Swansea University in Global White Lion Protection drive
Ecologists at Swansea University have joined forces with the Global White Lion Protection Trust in an effort to help protect the last of the Timbavati white lions.
The lions, originally from the Timbavati region of South Africa, are an iconic and incredibly rare type of lion. In recent years their numbers have declined significantly and their movement restricted to a number of protected areas.
Only one white lion pride which still exists naturally in the wild today.
This phenomenon, together with the increased risk from poachers, trophy hunters and interest from zoos has caused great concern among conservationists around the globe.
In an effort to raise the profile of the plight of these remaining white lions in the wild, conservation ecologists, Dr Dan Forman and Carolyn Greig from the Institute of Environmental Sustainability at Swansea University has teamed up with the Global White Lion Protection Trust founded by Linda Tucker.
One of their key objectives will be to identify the gene responsible for determining white fur colour among the Timbavati lions in sharp contrast to the more typical tawny colour exhibited by most lions.
Commenting on the partnership, Dr Forman said: “Determining which gene is involved in this process and its frequency within the population is extremely challenging due to the sheer number of genes that may be involved. However, it is clearly essential to assess the long-term viability of the remaining white lions in the wild.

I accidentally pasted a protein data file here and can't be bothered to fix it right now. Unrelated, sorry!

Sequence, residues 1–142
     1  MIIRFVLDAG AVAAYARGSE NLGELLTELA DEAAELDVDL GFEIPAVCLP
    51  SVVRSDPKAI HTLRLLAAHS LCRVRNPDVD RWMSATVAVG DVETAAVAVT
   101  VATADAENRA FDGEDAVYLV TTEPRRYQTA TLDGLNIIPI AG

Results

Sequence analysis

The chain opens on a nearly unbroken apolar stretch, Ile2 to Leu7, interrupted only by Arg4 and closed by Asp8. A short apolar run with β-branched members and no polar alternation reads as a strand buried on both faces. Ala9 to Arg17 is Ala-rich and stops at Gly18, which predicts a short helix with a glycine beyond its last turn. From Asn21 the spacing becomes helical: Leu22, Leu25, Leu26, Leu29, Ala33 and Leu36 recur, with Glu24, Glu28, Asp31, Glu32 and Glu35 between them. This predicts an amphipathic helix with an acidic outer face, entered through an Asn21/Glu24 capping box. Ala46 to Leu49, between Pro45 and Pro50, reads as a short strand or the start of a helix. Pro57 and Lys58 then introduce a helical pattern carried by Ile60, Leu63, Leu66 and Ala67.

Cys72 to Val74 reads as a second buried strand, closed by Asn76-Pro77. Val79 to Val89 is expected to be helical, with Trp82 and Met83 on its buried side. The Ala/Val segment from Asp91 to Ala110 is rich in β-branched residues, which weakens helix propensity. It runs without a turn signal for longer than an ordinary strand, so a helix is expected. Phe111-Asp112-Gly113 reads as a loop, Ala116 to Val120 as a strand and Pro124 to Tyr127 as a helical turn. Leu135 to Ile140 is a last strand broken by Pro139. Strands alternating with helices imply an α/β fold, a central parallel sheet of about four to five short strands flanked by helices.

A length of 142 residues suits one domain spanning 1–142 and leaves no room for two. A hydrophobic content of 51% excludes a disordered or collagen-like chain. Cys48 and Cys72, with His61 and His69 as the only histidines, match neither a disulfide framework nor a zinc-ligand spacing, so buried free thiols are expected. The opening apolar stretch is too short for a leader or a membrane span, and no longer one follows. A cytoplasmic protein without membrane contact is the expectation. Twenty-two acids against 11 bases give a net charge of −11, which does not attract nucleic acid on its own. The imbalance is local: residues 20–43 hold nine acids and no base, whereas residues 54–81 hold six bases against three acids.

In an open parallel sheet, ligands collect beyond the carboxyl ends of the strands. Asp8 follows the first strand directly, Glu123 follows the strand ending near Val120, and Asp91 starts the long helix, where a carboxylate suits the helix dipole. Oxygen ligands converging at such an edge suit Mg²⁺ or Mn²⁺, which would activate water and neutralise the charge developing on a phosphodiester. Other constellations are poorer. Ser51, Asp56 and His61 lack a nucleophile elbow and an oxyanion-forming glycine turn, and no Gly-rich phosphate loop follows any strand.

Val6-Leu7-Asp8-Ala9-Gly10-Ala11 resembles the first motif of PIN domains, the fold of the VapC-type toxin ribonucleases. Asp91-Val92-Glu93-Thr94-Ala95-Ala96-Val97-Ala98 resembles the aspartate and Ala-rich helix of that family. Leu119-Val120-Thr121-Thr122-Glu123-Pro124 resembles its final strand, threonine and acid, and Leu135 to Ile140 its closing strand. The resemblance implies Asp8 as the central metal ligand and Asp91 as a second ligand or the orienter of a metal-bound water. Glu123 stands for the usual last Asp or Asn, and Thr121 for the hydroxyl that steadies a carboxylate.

“The occurrence of different coloured morphs is controlled by the relative frequency of the genes that control fur colour within populations. The gene controlling the manifestation of white fur is recessive and requires two parents carrying the recessive gene to mate in order for some or all of the offspring to have white fur.”
The Swansea University duo recently began working with the Global White Lion Protection Trust where they will be screening lion DNA to identify which gene controls white fur colour.
Using DNA extracted from fur samples provided by West Midlands Safari Park from their captive white lions, two candidate genes known to cause white coloration in other mammals - the melanocritin-1 receptor gene and melophilin - have initially been screened using molecular techniques.
Preliminary results indicate that neither of these genes is likely to control white fur colour in lions.
It is now hoped that a more detailed analysis of this data will provide a more conclusive analysis. However, Dr Forman and Ms Greig expect many more genes will have to be screened before a definitive answer is found.
The pair is also hopeful that a close working relationship between Swansea University and the Global White Lion Protection Trust over the next few years will help facilitate further screening of other candidate genes and research on the evolution and adaptive significance of white colouration in lions.